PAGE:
Summary of Secondary Students with Learning Disabilities in Reading: Vocabulary Development

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Summary of Secondary Students with Learning Disabilities in Reading: Vocabulary Development

Vocabulary is an important building tool of a child’s reading skills. Students have to understand what the words mean in order to comprehend the story as it is presented to them in the classroom.

Unfortunately, that skill is rather ignored in middle school and is expected to be taught in elementary school. When those students do not grasp the concept in elementary and are pushed through to the middle school without the skill, they fall behind their classmates. With the reading skills for vocabulary lacking, these children are usually labeled with ‘learning disabilities’. All too often students read a passage and skip over the words that they do not understand. However, vocabulary skills in reading are essential to not only in the reading classroom, but in all the content area classrooms as well.

Vocabulary development should give the students the ability to learn the meaning of new words and concepts that are presented to them in their text. Learning this skill will help students with comprehension and their content area curriculum. By teaching students vocabulary development, students will have a reserve of new words, connect new words with their previous knowledge, gain the ability to understand and comprehend the text, and lastly, it will increase a students’ word knowledge to connect with their comprehension and success.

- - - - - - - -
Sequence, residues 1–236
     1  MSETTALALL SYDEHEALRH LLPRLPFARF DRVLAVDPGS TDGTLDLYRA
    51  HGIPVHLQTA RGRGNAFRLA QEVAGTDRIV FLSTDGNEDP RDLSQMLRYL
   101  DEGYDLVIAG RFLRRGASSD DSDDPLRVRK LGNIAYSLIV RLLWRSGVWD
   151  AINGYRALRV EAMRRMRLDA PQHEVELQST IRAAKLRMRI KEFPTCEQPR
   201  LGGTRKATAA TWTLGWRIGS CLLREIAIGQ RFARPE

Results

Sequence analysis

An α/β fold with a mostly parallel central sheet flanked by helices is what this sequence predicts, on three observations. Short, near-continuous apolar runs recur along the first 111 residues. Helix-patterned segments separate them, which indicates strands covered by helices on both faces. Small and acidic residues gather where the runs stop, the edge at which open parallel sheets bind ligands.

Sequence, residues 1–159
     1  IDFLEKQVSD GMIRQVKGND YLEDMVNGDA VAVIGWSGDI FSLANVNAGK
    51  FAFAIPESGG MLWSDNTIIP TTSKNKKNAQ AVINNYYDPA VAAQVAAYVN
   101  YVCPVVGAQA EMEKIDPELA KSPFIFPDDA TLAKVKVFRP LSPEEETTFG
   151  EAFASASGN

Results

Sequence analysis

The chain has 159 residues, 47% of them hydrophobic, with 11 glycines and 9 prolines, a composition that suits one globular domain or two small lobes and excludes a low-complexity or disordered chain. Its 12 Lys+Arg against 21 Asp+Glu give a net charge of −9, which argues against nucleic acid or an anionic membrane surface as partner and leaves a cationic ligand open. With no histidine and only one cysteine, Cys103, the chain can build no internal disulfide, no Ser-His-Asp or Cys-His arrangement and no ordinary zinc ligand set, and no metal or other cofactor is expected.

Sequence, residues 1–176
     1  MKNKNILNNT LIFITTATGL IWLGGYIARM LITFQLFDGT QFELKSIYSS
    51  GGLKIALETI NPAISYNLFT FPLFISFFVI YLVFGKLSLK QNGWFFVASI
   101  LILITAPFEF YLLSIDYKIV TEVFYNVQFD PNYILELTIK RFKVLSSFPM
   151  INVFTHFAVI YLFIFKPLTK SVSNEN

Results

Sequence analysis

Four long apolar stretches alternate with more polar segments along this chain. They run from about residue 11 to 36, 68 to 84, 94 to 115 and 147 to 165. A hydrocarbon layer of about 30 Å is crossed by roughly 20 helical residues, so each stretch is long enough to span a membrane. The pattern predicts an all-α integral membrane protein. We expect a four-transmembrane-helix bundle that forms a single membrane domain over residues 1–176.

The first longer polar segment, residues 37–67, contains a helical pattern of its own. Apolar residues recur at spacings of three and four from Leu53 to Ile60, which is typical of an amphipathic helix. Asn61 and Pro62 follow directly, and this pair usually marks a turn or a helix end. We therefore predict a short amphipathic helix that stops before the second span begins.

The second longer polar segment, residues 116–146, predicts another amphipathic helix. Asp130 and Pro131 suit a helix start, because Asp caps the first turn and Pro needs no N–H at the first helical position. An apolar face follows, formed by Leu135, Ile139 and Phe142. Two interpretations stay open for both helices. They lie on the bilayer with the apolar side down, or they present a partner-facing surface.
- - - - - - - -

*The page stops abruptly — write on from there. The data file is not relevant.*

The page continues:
To accomplish vocabulary development, before reading the teacher needs to instruct their students on any prerequisites that they need to understand to interpret the text appropriately. This means the teacher has to pull out the most important words as well as those that may be too difficult for the stud...

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...ents to make a good reader. Therefore, without a certain piece of reading students skills the scaffolding is unstable. Due to a student’s faulty scaffolding, reading does not work cohesive to make the end product a successfully understood story. This concerns me. If I feel like they are falling behind on these skills and their other teachers, my colleagues, are not teaching them these skills, I will and do my best at making it appropriate for my class. Without reading skills, they will be faced with horrible ramifications from their problems to comprehend and understand the vocabulary words they see in their textbooks.

Works Cited

Diane Pedrotty Bryant, J. E. (2001). Iris. Retrieved April 1, 2011, from Secondary Students with Learning Disabilities in Reading" Vocanulary Development:
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